From Cycle EXIF’s technical correspondent, Richard Gearing. In his spare time, Mark Kelly creates bicycle frames under the guise of Lyrebird Cycles. He refers to these frames as ‘The Tonewood Project’ — so named because of the Australian hardwoods used in the finished article, which are renowned as ‘tonewoods’ by Australian luthiers.
Mark doesn’t come from a woodworking background, and that is important to understand when you consider his approach. He didn’t specifically set out to make a wooden bike, but to make the best bike he could using acoustic design principles. Quite simply, wood happened to be the answer.
In Mark’s own words: “The woods are used to form tubes in combination with other materials chosen for mechanical and acoustic properties — namely boron fibre, carbon fibre and basalt fibre. These are then combined with stainless steel to make the bike by an amalgam of standard metalwork and composite tube to tube construction techniques.
“The layup of each tube changes with its intended use. I can alter the number of layers and the compositions of these layers, including which woods are used where, which composites to use where and whether to use unidirectional or bidirectional fabric. I can also alter the layup angles for all the above, giving me a large amount of control over the tube properties.”
On this bike — number two of two thus far — the joins are carbon fibre (Mark’s personal version is joined with stainless steel lugs), as is the bulky BB and surrounding area. Those stainless steel chainstays are Reynolds 931, the steel-to-carbon bond join of which is a little agricultural in appearance — but that carries its own charm in allowing the hand-crafted nature of the bike to feature.
Besides which, the offset is some of the most beautifully finished wooden tubing you are ever likely to lay eyes on. The Blackwood on the top tube particularly is smooth as silk to the touch, and catches the light in the most incredible manner. Sealed with Tung Oil rather than being epoxied or varnished, it has a stunning satin finish.
For those doubting whether the materials add up to a capable bike, I’ll quote Mark again: “The red toned wood in the pic is Eucalyptus Grandis… the stiffness to weight ratio is 26 — slightly better than aluminium, titanium or stainless steel”. And, to add further weight to the argument: “My favourite demonstration is to smash one of my wooden tubes against a titanium tube of equivalent size and weight. The titanium loses. A carbon tube would fare even worse”.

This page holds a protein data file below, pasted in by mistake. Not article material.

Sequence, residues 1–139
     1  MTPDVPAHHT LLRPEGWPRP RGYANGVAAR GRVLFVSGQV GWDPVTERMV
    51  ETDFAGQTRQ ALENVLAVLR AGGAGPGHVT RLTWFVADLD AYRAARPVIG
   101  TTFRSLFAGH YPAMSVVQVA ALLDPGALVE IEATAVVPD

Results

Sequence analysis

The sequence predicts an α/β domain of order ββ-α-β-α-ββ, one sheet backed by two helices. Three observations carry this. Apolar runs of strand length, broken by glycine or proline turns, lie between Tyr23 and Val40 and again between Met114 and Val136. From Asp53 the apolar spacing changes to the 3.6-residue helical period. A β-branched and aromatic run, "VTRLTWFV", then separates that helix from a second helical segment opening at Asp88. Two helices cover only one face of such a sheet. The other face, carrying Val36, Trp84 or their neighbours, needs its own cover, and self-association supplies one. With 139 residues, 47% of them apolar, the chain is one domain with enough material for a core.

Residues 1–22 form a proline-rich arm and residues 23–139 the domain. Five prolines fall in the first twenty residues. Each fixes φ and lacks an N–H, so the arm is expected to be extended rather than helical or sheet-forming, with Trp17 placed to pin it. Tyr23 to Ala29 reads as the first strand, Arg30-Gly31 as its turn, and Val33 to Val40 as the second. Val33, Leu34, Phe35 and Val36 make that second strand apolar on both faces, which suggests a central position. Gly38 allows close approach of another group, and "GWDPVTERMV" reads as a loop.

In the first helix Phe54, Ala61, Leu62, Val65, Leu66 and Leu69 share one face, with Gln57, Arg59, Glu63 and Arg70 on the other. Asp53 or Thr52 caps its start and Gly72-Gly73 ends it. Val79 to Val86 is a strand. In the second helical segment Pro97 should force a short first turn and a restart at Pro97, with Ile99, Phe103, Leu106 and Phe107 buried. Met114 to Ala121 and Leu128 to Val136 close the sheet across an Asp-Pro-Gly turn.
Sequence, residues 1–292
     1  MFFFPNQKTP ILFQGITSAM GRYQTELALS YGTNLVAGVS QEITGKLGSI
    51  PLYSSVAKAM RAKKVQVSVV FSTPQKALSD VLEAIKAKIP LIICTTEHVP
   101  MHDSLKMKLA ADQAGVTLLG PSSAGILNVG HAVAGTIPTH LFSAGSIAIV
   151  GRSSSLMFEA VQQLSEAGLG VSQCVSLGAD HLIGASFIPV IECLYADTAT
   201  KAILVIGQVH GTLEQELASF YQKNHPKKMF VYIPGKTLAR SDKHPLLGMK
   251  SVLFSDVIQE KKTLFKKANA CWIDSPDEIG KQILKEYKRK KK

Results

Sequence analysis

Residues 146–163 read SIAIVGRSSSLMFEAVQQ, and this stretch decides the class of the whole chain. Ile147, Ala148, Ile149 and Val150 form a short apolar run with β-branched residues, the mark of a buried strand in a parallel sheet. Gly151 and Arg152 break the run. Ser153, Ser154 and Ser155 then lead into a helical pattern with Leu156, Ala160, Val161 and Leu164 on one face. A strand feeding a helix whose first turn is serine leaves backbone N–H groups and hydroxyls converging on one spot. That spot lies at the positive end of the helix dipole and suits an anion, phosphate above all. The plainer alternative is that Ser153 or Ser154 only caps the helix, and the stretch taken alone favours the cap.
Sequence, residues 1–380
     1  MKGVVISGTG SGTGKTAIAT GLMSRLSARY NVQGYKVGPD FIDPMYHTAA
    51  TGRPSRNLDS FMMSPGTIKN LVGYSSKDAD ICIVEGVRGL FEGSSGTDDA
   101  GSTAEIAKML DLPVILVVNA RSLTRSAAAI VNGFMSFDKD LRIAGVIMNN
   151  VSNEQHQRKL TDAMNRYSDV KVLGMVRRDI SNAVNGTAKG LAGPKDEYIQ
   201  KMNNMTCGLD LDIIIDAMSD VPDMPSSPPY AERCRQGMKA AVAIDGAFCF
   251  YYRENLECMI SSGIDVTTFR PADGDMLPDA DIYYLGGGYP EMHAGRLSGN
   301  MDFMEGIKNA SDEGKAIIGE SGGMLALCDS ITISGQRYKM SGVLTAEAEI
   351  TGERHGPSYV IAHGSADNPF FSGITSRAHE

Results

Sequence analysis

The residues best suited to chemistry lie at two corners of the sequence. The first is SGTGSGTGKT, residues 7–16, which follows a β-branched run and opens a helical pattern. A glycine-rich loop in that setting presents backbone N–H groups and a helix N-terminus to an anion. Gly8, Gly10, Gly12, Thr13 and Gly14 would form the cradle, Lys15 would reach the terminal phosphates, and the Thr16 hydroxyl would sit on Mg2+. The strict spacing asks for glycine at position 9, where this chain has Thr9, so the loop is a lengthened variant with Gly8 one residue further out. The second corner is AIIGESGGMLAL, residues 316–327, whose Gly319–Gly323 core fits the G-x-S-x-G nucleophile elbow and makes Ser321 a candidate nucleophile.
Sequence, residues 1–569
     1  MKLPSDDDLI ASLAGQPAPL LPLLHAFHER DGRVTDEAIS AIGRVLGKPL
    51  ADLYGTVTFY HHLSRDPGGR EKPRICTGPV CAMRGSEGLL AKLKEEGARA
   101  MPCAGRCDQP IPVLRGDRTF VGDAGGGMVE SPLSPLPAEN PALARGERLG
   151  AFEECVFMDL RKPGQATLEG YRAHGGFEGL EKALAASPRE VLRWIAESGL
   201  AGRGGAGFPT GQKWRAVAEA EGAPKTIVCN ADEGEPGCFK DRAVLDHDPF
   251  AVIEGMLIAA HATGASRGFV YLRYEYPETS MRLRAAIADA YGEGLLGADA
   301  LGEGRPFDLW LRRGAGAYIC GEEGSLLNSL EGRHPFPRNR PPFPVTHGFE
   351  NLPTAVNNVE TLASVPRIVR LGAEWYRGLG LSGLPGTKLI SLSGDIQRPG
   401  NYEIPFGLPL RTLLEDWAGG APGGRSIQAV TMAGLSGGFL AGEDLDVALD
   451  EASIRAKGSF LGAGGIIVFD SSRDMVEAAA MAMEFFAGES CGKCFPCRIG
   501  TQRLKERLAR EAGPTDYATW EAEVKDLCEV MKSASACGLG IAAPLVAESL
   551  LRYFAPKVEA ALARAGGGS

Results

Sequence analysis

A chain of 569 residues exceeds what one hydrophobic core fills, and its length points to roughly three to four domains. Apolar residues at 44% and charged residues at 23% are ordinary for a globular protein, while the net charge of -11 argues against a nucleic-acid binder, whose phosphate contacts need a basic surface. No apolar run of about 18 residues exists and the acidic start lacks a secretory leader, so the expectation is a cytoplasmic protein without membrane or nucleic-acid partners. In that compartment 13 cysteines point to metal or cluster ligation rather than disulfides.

As for the ride, I’ve ridden much less capable, and less stiff, race bikes — and even fewer that corner as well as this or offer quite such an element of genuine surprise or enjoyment. Only the low BB, long chain stays and surprising comfort mark it out as being anything other than a race-focused machine and, at only 7.5kg as pictured, it is far from porky too.
Component-wise, this ended up being a very up-to-date build. The portions of the bike that do come from a standard groupset are Dura-Ace 9000. The Dura-Ace cranks and bottom bracket made way for the Turn Zayante M30 cranks and BB (which were reviewed on here recently). The latest incarnation of the now-renowned EE Brakes replace the DA9000 units, providing power by the truckload in a minimal package.
The wheels are a collaboration using wide format 50mm Curve Cycling rims and White Industries T11 hubs, which were built by Zak of Skunkworks Bikes in Sydney — the build quality of which was enough to help dampen the bike’s slightly harsh front end whilst giving nothing away in lateral stiffness. Zak also balanced this particular set, adding very small strips of extra weight to offset the valve. A trick borrowed from the motor industry which makes a surprising difference, particularly in faster corners.
It is difficult to pick quite what it is that makes this bike feel as good as it does, but if it is that combination of mechanical and acoustic properties then Mark is truly onto a good thing. Regardless, this bike has been quite an eye-opener, and has become my go-to bike. I honestly wish more of you could see it in the flesh though — that finish really does need to be seen, and touched, to be believed.